Auckland to New York with Air New Zealand: the first direct flight

After four years of planning, the day had finally arrived. Passengers, champagne in hand, were milling elbow to elbow through the crowded terminal, buzzing with anticipation for Air New Zealand’s first direct flight to New York from New Zealand.

The airline’s chief executive, Greg Foran, first revealed details of the service in 2019 and the maiden voyage due to take off on October 29 the following year. But the launch has been postponed indefinitely due to the pandemic, with much of the airline’s international fleet grounded in the California desert.

Air New Zealand's first direct flight to New York from Auckland lands on Sunday morning.

Air New Zealand

Air New Zealand’s first direct flight to New York from Auckland lands on Sunday morning.

But on Saturday, NZ2 covered more than 14,000 kilometers in 16 hours, a route which is expected to earn $65 million a year on its “limited” three-a-week schedule.

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The Journey to the Big Apple

It all started with passengers walking on a purple carpet and being photographed by fake paparazzi at the airport. Salmon bagels and donuts were eaten, a DJ in a glittering silver jacket played house music and wished everyone a good flight.

The sense of glamor at the terminal event was only tempered by the blandness and gentle melancholy of airports – a place that signifies endings, absences and distance.

Walking through the airport without a mask before flying halfway around the world felt like a surreal bookend to nearly three years of pandemic restrictions, and it was hard to shake the feeling that you needed your mask on.

Most of the passengers seemed to be traveling for business or pleasure, and there was a feeling of buoyancy. However, it was very hot at the terminal and many passengers – myself included – were already dehydrated, a feeling probably exacerbated by the bubbles.

The popular legroom of the 35F seat.

Bridie Witton / Stuff

The popular legroom of the 35F seat.

In the plane, I was seated in 35F, in the first row. I was pleased to find that it offered a bit more legroom. My neighbor across the street was close enough to chat with me. In our seats were blackout eye masks, all-bird care, and a luxe lip balm from Ashley and Co.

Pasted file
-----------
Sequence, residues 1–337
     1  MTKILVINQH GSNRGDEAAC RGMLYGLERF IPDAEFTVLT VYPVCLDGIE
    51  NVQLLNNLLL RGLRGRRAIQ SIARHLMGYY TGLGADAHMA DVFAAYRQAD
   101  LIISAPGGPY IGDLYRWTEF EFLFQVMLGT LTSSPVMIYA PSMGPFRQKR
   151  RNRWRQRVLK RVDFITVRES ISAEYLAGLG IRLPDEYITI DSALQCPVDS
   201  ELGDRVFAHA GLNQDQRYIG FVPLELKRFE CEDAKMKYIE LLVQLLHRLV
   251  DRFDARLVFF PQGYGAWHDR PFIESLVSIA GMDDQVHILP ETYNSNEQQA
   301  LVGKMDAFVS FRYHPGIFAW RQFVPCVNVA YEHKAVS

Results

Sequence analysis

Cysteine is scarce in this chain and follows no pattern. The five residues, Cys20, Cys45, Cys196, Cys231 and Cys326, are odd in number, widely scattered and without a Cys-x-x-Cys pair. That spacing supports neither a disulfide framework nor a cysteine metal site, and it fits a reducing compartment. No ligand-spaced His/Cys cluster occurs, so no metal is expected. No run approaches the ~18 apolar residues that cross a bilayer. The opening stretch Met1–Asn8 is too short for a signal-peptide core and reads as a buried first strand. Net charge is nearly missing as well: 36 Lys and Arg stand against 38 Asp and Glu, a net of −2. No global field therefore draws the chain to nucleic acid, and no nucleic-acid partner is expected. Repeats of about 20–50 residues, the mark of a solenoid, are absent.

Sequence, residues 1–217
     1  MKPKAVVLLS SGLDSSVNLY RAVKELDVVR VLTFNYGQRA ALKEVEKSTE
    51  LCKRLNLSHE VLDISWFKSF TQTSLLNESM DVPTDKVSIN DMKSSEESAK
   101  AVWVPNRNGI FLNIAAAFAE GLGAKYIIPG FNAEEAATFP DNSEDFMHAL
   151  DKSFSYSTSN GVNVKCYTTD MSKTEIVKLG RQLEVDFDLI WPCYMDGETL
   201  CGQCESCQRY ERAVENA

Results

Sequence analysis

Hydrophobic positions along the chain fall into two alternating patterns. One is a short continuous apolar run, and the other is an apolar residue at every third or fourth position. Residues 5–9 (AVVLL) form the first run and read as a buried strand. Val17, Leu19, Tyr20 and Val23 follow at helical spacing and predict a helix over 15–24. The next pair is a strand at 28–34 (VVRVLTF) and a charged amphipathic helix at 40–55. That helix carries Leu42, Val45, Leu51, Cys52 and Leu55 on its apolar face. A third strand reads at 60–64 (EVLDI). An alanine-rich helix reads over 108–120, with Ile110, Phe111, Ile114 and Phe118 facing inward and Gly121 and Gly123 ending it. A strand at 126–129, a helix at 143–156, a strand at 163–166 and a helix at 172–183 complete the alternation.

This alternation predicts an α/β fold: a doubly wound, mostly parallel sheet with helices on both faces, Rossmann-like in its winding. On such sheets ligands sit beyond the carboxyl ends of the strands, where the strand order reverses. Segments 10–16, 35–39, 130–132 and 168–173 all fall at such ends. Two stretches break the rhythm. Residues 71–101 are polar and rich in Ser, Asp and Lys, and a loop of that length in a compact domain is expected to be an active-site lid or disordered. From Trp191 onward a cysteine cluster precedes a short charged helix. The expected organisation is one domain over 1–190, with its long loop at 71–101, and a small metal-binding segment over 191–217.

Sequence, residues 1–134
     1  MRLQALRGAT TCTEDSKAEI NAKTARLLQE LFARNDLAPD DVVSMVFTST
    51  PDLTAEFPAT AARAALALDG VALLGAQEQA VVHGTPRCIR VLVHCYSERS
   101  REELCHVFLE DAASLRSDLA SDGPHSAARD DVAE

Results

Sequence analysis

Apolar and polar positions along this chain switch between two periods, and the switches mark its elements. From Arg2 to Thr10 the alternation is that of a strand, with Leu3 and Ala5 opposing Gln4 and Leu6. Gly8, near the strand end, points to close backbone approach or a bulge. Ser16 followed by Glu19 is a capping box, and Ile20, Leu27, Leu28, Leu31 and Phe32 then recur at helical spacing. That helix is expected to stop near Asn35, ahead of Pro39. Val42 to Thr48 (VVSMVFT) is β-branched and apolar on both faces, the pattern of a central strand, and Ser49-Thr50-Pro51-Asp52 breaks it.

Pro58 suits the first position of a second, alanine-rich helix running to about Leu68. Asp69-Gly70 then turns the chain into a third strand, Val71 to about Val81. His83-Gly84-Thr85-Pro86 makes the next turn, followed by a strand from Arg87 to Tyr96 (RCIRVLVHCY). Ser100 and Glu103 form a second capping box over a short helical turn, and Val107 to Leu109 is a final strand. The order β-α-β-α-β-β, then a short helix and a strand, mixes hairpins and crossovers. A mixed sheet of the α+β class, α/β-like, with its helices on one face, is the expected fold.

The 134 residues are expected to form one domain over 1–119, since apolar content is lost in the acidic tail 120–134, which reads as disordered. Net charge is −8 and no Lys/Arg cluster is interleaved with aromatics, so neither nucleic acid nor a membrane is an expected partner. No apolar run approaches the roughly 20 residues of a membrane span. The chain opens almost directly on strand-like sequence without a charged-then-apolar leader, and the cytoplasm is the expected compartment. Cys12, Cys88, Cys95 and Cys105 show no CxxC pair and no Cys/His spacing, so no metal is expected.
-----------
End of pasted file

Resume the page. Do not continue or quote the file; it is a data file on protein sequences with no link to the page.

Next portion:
After takeoff – through an opening in the curtain – we could see Foran handing out drinks to premium passengers, but he didn’t give economy the favor.

Dinner was a choice of chicken korma with basmati rice or braised lamb with potatoes and peas. I tried the lamb, which I found quite tasty, but the vegetarian option – a chickpea curry and rice – was quite bland, I was told. The meals also came with rice crackers and cheese, and a small dessert.

The braised lamb dinner option.

Bridie Witton / Stuff

The braised lamb dinner option.

(Vegetarians were later disappointed when their breakfast again involved chickpeas.)

After five hours of flying, I felt like it might be bedtime. I washed my face, brushed my teeth, took some magnesium sleeping pills, a melatonin pill and hoped for the best.

Sleep is elusive on most long-haul flights, but after about three hours of squirming around in the seat, it was clear that it wouldn’t come to me. The extra legroom was a small mercy, but the aisle seat meant that as soon as I tried to relax, my knees or forehead would encroach on the aisle and get knocked over by passers-by.

If I leaned the other way I was depriving my neighbor in the middle of his personal space. I tried to put my feet on the wall in front, so I was in the shape of a human boomerang, but after a while in this position, I started to lose feeling in my toes.

A man a few seats behind us was struggling to clear his throat. I counted up to 12 throat clearings. Another passenger, in the early hours of the morning, began to pay loudly for music from his phone thinking it was plugged in.

I started thinking about all the muscle groups and tried to relax them. I would manage it at first, but I would soon find that I was clenching my jaw again. The man coughed again. I would not sleep.

It was scrambled eggs and beans for breakfast.

Bridie Witton / Stuff

It was scrambled eggs and beans for breakfast.

The Air New Zealand crew were, as always, very professional and friendly. More snacks came throughout the flight, keeping passengers well-fed and docile before disembarking the plane for New York.

Later, when the flight was in its final hours and I was delirious with fatigue, Foran helped me pick up some of my flight trash.

Sleep deprivation and some discomfort seemed like a small price to pay for traveling again. New Zealand has begun to reconnect with the rest of the world.

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